(ATTN: UPDATES throughout with announcement; ADDS photo)
SEOUL, Nov. 5 (Yonhap) -- South Korea said Monday it has received a waiver on the renewed U.S. ban on Iranian oil imports after agreeing to reduce its purchases by a "significant amount."
The Donald Trump administration has notified Seoul of the conditional decision, a result of months of negotiations between the allies, the ministry of Foreign Affairs announced.
It did not reveal the exact scale of reduction, citing a bilateral agreement to keep it secret.
The waiver is valid for six months and is extendable.
In May, Washington declared an exit from the 2015 nuclear deal with Tehran signed by his predecessor, Barack Obama, and the resumption of tough sanctions in the energy and financial sectors.
The oil embargo began at the start of Monday (Eastern Standard Time) with the expiration of a 180-day grace period.
"With the U.S. decision on the exemption, it has become possible for the domestic petrochemical industry to have the stable supply of condensate, which is indispensable to it," the ministry said in a joint press release with the commerce and finance ministries.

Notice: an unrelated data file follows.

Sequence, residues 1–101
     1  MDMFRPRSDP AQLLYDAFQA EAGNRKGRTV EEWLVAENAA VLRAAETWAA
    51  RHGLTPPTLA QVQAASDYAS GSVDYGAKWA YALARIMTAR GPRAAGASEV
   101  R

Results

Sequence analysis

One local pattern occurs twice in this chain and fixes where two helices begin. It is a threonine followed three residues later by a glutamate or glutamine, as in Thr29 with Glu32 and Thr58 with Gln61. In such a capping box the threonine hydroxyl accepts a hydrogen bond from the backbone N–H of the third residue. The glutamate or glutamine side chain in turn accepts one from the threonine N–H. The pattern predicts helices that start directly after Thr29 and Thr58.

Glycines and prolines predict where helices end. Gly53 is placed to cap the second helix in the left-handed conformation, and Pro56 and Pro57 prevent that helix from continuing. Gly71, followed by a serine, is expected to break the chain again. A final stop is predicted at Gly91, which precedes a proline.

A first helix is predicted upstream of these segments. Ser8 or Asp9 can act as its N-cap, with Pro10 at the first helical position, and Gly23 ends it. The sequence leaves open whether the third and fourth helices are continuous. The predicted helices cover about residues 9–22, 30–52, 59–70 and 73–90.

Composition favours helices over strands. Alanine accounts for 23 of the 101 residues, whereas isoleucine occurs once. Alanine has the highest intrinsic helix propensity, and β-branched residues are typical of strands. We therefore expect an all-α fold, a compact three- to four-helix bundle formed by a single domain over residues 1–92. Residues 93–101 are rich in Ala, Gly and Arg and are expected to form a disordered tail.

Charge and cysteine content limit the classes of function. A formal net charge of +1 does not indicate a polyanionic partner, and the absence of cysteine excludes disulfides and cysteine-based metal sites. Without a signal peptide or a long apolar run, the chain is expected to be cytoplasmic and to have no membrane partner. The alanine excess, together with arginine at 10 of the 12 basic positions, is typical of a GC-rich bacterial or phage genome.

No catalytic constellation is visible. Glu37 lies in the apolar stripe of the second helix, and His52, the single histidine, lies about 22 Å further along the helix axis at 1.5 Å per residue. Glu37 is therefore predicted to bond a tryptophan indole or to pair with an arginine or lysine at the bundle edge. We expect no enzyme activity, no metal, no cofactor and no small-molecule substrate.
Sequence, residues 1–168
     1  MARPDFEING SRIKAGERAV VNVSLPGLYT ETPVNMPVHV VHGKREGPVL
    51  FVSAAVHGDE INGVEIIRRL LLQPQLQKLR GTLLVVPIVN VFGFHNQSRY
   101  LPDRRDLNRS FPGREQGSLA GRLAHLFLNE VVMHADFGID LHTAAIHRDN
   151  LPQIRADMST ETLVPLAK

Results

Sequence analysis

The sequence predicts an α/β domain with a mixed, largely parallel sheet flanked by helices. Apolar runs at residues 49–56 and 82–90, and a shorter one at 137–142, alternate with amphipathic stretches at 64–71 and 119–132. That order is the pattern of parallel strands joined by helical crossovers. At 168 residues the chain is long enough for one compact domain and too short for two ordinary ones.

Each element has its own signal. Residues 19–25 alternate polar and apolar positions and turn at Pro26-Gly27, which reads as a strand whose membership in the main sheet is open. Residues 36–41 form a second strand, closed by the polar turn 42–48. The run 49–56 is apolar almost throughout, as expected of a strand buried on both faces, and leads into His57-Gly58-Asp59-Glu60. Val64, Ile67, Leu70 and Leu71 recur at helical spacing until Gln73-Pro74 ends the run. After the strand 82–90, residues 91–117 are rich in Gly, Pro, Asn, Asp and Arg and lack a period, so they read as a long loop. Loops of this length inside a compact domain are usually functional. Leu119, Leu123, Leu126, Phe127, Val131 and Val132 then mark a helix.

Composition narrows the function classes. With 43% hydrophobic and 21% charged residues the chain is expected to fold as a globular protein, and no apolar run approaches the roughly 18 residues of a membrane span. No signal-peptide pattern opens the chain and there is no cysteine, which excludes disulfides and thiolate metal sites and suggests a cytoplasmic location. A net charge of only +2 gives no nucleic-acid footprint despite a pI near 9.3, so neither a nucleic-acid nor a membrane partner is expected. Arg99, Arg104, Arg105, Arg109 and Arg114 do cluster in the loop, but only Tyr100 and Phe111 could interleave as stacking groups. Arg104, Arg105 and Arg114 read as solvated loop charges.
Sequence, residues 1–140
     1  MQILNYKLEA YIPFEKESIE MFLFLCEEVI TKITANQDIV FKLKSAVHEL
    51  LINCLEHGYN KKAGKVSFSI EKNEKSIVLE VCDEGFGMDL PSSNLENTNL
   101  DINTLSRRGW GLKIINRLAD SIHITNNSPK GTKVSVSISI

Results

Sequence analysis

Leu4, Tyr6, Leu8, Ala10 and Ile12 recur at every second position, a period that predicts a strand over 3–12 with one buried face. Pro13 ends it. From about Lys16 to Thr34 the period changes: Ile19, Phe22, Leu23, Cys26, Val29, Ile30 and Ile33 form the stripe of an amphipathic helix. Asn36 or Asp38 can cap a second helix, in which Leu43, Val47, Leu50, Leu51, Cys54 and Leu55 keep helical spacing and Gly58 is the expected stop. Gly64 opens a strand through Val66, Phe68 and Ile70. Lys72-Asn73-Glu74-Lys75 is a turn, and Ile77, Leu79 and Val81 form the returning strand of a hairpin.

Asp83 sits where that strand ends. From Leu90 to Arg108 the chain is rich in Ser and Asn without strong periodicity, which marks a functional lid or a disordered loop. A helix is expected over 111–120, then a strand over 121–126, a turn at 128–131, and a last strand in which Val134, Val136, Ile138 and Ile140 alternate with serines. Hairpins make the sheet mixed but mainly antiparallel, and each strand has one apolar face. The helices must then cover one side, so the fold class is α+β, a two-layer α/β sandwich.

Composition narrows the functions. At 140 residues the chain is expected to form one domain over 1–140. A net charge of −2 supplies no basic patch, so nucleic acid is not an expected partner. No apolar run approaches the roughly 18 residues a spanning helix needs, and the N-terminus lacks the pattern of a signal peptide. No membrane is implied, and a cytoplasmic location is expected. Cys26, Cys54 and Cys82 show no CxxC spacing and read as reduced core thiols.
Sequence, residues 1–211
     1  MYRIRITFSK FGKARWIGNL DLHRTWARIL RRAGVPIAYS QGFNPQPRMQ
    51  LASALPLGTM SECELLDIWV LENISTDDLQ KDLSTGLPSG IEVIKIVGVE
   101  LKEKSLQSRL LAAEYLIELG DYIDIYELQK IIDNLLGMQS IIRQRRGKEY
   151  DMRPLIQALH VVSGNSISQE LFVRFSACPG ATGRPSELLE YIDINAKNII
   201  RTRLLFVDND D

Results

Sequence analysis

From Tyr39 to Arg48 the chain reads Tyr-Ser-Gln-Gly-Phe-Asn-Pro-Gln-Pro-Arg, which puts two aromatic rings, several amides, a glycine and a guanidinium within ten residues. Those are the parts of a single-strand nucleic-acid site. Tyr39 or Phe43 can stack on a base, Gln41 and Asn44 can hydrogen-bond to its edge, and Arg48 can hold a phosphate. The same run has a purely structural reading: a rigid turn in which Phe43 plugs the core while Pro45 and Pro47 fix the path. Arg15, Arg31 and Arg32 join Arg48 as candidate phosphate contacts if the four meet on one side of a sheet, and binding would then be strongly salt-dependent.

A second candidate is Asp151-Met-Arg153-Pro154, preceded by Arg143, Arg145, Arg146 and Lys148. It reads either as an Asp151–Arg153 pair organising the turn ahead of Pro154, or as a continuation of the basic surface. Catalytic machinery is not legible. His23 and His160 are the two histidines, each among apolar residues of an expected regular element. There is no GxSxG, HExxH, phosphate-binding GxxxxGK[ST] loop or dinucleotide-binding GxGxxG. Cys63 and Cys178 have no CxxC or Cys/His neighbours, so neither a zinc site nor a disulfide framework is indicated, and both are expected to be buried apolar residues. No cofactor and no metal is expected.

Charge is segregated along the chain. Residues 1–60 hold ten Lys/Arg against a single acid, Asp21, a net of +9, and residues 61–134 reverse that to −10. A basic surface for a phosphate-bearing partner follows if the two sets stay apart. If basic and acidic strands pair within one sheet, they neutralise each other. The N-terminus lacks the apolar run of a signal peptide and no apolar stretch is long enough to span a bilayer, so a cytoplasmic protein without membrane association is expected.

It was referring to ultralight oil used for various petrochemical products, which are among South Korea's leading export items, along with semiconductors.
It's hard to find an alternative, given its quality and that production lines here adapted to Iran's condensate, a government official told reporters on background.
South Korea is also able to maintain the won-based settlement of bilateral trade transactions.
The Central Bank of Iran (CBI) has accounts at Woori Bank and the Industrial Bank of Korea (IBK) in Seoul to pay for not just oil imports but also the trade of products that are not subject to sanctions.
The two-way trade volume totaled US$12 billion last year, with South Korea exporting $4 billion worth of products.
The waiver for South Korea, based on "the alliance spirit," is a major example of "substantive cooperation" between Seoul and Washington, according to the ministry.
They struck a "final accord" on the matter during phone talks between Foreign Minister Kang Kyung-wha and Secretary of State Mike Pompeo on Oct. 29, it said.
"The U.S. side is believed to have exerted maximum flexibility" in consideration of its special relations with the ally and its unique trade conditions, it added.
The U.S. earlier warned buyers of Iranian oil of possible punishment, saying it aims to cut its oil revenue to zero.
South Korea was granted a similar waiver from the Obama administration's sanctions on Iran's oil before the nuclear deal.
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